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Diamond Foods fiscal 3Q beats Wall St. forecast

Sarah Skidmore, AP Business Writer

Diamond Foods Inc. on Tuesday reported a better-than-expected fiscal third quarter and appointed a new Chief Financial Officer.

The San Francisco snack food company said that Raymond Silcock will be its executive vice president and chief financial officer. Silcock, 62, was most recently CFO of the Great Atlantic & Pacific Tea Co., the privately held parent company of the A&P grocery chain.

He replaces Michael Murphy, who was interim chief financial officer of the snack food company since 2012 when its prior CFO and CEO left Diamond following disclosure of an accounting problem over payments to walnut growers. The improper payments severely damaged the company, butchered its stock price and forced Diamond to restate a number of financial reports. It also derailed Diamond's purchase of the Pringles snack.

Diamond, which sells snacks like Kettle Chips, Emerald nuts and Pop Secret popcorn, also reported better-than-expected fiscal third-quarter results.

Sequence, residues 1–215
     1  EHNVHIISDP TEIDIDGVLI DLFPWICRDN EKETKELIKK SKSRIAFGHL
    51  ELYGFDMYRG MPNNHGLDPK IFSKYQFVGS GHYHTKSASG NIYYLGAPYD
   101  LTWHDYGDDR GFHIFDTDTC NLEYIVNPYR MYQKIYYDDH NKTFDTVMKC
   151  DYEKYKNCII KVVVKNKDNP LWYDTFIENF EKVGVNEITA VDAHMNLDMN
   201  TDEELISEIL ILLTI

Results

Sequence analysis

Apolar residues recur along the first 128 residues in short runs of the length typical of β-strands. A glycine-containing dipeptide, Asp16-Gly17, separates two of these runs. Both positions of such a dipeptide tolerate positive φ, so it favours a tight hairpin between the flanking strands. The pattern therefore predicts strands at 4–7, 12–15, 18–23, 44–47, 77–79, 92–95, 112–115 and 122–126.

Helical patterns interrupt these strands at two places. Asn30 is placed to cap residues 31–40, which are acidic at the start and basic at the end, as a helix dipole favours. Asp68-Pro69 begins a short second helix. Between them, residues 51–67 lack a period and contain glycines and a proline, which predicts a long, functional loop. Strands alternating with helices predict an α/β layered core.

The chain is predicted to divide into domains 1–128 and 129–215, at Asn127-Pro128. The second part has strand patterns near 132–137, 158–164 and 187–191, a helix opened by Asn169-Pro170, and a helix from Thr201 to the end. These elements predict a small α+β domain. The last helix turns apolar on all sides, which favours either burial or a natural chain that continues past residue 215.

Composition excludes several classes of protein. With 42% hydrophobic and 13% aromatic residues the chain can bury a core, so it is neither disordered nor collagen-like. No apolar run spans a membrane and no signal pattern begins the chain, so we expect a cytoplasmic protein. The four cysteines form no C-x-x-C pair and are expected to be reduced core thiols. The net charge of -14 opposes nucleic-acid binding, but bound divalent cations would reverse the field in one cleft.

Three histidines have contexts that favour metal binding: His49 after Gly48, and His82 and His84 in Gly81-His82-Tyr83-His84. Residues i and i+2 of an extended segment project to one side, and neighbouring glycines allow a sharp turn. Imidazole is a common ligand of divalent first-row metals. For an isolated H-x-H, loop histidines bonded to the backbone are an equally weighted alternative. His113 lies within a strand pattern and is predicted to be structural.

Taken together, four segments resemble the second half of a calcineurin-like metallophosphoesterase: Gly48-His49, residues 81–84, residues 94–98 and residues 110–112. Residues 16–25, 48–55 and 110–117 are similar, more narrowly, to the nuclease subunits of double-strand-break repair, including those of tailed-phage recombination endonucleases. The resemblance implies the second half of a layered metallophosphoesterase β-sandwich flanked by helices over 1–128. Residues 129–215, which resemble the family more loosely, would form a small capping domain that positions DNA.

Diamond posted a loss of $15.6 million, or 71 cents per share, for the quarter that ended April 30. That compares with a loss of $44 million, or $2.02 per share, last year. After adjusting for plant closure, legal expenses and other unusual items, it earned 5 cents per share.

Net sales decreased by 11 percent to $184.9 million. Snack sales helped offset a 23 percent drop in nut sales.

Analysts polled by FactSet, on average, expected a loss of 17 cents per share on revenue of $175.1 million.

Diamond reiterated that it expects sales will decline more in the last half of the fiscal year than in the first half, due in part to weaker nut sales.

The company also restated its per-share results for the second fiscal quarter, saying they did not accurately reflect a gain associated with a warrant. The loss was 37 cents per share for the quarter versus its previously stated 43 cents per share earnings.

Jefferies analyst Thilo Wrede said the company is making progress, evident in the third-quarter beat and the new CFO appointment. But the analyst still does not believe that Diamond has reached its turnaround point. The company is still struggling with weaker sales and there are few new products in the pipeline to entice consumers. Additionally, he said, the company is still working to resolve walnut supply issues and heavy interest expenses.

Diamond shares rose $1.77, or 10.1 percent, to $19.33 in midday trading. The stock has traded in a 52-week range of $12.85 to $21.19.